Significantly, the updated proposals extend the HSSIB’s proposed remit to cover the independent sector in response to concerns raised during the HSSI Bill’s first Parliamentary Passage. In addition, there will also be a new power to enable the SSHSC to require the HSSIB to investigate particular qualifying incidents or groups of qualifying incidents.
11. Professional regulation
The Government proposes to widen the scope of section 60 of the Health Act 1999 to enable the SSHSC to make further reforms to the system of professional regulation. The proposal includes giving the SSHSC powers to: (a) remove a profession from regulation; (b) abolish an individual health and care professional regulator: (c) remove restrictions regarding the power to delegate functions through legislation; and (d) include senior NHS managers and leaders and other groups of workers within the scope of section 60 (although it is said that there are no plans at this stage to do so).
It is worth noting that this proposed reform programme is being taken forward on a four-country basis and the devolved administrations are engaged in it. The aim is for there to be consultation on the broader reform proposals, which will be delivered through secondary legislation, shortly.
12. Medical examiners
This proposal will amend the Coroners and Justice Act 2009 to allow for NHS bodies, rather than local authorities, to appoint Medical Examiners so that every death in England and Wales is scrutinised either by a Coroner or a Medical Examiner.
13. Medicines and Healthcare products Regulatory Agency (MHRA) new national medicines registries
The Government wants to enable the MHRA to be able to establish and operate a comprehensive medicine information system, including data collection from private providers, which will support UK-wide medicine registries. Registries would be established for a medicine where the public need is clear and the benefits of a publicly-held national registry that can access routinely collected data, where it is available, are required.
It is anticipated that, where a safety issue has led to the introduction of measures to minimise risk to patients, statutory registries with mandated inclusion of data will facilitate the early identification and investigation of potential non-compliance, so that additional action can be taken by regulators in conjunction with health service providers at a national, local or individual patient level. Further, registries will also provide an opportunity for patients to actively contribute information on their experiences with specific medicines, bringing focus to the safety and clinical effectiveness issues that impact most on their lives.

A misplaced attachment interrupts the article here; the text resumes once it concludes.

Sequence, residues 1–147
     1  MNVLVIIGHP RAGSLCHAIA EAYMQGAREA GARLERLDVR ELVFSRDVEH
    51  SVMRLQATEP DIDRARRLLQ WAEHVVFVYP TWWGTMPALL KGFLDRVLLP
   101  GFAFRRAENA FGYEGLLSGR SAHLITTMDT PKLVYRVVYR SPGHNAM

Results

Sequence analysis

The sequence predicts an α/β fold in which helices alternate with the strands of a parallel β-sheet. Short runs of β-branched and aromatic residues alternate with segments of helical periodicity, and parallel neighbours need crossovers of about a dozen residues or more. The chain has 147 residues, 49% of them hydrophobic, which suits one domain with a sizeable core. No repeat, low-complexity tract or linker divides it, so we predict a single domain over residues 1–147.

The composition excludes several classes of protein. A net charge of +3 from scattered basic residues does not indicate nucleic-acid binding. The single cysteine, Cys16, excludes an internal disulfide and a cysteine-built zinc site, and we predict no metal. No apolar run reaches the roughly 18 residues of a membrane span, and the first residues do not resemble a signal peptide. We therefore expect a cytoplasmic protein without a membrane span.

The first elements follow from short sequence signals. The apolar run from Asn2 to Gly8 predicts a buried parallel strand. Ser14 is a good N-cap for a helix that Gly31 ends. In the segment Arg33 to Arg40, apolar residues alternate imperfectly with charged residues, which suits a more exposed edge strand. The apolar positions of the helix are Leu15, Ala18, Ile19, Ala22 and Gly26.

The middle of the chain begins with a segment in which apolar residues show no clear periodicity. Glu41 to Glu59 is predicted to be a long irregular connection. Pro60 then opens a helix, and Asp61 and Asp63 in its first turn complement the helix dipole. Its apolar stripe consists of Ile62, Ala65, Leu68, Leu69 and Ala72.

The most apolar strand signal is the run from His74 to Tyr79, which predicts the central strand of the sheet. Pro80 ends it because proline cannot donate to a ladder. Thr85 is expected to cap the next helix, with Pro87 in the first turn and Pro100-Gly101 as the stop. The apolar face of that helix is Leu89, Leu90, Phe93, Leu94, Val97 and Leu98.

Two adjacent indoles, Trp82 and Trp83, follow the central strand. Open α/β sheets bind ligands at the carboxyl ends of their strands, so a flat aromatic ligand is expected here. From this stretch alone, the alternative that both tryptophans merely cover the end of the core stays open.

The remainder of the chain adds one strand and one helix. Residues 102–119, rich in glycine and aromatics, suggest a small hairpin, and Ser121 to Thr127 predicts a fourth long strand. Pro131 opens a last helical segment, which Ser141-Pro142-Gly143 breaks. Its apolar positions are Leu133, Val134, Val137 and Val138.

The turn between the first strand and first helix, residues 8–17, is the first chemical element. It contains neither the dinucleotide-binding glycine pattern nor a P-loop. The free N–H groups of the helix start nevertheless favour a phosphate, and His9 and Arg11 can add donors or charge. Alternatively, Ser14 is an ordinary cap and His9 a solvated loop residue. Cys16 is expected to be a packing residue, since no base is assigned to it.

14. Hospital food standards
The Government is proposing to put hospital food standards on a statutory footing by introducing mandatory minimum standards for the provision of good hydration and nutrition in the NHS. The Secretary of State will be granted powers to adopt secondary legislation that will implement the national standards for food across the NHS. This adopts the recommendation made by the Independent Review of NHS Hospital Food published on 26 October 2020.
15. Reciprocal healthcare agreements with Rest of World countries
Under the current legislation, the UK is limited to implementing reciprocal healthcare agreements with the EU, EEA, EFTA blocs or their Member States. The proposed legislation will enable the Government to implement more comprehensive reciprocal healthcare agreements with Rest of World countries, subject to negotiations. In addition, the proposed legislation will allow for: (a) the introduction of a reimbursement mechanism, so that no healthcare system will be left worse off; (b) the exchange of data between countries for the purposes of reimbursement; and (c) the responsibility for paying healthcare charges to lie with governments.
The scope for any new agreements will be agreed across relevant Government departments and will be tailored to meet the national interest, with input from the devolved administrations as well as relevant operational partners.
The key themes running through the Additional Proposals part of the White Paper are wide-ranging and intended to tidy up some existing issues, and also address some issues that have come to light during the response to the coronavirus pandemic. Whilst, as ever, the real impact will become apparent when the detail of the legislation is published, it is clear that the SSHSC will have greater powers to intervene in the delivery of health and social care services. That does mark a very different approach to that contained in the Health and Social Care Act 2012, and it will be interesting to see how these new powers interact with the new role for the merged NHS England.